“Companies are pushing it, particularly those wishing to promote functional foods like cholesterol-lowering margarines or extra health scans based on your risk assessment.
“There is great commercial potential but Biobank has no finalised policy on intellectual property and access. No agreement on how much pharmaceutical companies will pay and how much information they can access or whether they will be allowed to patent genes or proteins they discover. It is possible they will patent specific gene sequences and gain excessive monopolies over future treatments.”
She is also critical of the genetics heavy bias of the project.
“Social, environmental and economic factors make more of a difference to health than genetic make-up and perhaps the £61m might be better spent on health promotion. Prediction of future common illnesses by testing people’s genes is unlikely to be a successful or cost effective means of disease prevention. Everyone can benefit by quitting smoking or eating healthily, not just a ‘genetically susceptible’ minority.”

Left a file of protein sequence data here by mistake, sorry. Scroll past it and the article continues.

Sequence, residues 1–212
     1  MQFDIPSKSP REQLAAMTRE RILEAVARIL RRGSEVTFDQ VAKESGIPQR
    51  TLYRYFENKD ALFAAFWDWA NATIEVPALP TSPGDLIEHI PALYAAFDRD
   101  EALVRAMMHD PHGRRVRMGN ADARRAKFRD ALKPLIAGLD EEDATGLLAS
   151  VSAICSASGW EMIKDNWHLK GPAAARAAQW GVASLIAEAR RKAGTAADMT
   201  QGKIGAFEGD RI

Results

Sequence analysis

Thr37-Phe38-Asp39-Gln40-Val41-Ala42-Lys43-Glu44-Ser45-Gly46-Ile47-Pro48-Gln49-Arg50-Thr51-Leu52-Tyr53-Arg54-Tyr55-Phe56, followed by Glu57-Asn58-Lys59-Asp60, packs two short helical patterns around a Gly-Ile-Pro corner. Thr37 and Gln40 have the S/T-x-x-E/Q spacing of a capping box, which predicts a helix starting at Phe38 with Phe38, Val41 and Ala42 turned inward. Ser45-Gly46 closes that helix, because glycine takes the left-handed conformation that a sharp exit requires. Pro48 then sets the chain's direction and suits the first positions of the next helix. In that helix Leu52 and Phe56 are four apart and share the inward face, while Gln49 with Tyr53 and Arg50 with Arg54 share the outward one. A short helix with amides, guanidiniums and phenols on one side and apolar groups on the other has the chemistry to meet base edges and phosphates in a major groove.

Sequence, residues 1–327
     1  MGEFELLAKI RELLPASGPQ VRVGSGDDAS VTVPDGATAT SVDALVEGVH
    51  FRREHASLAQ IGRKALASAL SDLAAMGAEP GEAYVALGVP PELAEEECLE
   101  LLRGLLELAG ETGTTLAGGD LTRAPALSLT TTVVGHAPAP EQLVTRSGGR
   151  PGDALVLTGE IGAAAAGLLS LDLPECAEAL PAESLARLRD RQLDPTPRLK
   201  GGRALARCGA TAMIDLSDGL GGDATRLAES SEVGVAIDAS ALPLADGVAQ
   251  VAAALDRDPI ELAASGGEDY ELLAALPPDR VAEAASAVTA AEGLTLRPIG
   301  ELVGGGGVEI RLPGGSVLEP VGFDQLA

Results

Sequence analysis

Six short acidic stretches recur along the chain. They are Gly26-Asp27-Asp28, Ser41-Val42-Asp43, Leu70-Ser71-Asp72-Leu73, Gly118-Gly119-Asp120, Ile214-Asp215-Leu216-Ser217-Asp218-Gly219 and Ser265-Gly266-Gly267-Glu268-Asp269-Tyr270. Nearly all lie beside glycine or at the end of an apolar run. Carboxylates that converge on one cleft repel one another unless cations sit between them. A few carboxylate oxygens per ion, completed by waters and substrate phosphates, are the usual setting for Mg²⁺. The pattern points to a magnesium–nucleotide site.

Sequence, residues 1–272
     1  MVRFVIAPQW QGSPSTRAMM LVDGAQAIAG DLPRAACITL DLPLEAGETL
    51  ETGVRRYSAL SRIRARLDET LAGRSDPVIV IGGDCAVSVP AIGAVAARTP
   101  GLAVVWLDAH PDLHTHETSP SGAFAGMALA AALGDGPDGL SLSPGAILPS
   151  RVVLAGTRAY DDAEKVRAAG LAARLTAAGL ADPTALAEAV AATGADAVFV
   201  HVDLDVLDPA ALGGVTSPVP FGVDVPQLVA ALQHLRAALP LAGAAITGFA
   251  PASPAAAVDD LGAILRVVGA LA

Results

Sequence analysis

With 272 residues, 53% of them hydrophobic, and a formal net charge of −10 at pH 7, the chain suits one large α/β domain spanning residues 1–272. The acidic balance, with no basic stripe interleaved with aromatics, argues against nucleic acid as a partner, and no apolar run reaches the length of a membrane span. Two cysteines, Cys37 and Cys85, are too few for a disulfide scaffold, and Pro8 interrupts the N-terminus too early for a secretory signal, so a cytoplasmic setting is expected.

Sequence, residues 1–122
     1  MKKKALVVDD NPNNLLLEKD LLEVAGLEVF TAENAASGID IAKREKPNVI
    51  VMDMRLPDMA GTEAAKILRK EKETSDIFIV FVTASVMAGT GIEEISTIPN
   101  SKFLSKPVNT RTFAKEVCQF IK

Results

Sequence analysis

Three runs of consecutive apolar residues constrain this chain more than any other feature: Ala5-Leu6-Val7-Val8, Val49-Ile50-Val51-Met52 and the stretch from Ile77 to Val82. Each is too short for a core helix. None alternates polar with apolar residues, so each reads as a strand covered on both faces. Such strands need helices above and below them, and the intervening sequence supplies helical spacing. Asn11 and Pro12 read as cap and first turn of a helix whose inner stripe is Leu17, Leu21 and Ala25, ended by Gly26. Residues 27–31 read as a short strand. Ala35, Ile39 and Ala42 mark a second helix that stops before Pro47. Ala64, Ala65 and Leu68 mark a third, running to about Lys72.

Although it has since given its full support to the scheme, in 2003 the Commons science and technology select committee concluded: “Our impression is that a scientific case for Biobank has been put together by the funders to support a politically driven project.”
And geneticist Steve Jones, head of the biology department at University College London, told The Daily Telegraph in April this year there was “too much optimism” surrounding gene research and a danger it has become “largely unfounded”.
“Just a couple of years ago, there was real optimism that a new era of understanding was around the corner,” Dr Jones said. “That did not last long, for hubris has been replaced with concern: like Macavity the Mystery Cat, the evidence of genetic inheritance is clear, but the genes themselves are just not there.”
But in the US, for around Story text,000, 23andMe will genotype your DNA - basically give you a trawl through your family’s genetic past into your future, setting down the genetic markers from inheritance of athletic traits, such as endurance, to any predisposition to cancer or heart disease.
Professor Collins sounds surprised when I ask about any approaches by Google or 23andMe. They had not made any, but he stresses that he would not reject any reasonable approaches from anyone carrying out “bona fide” medical research.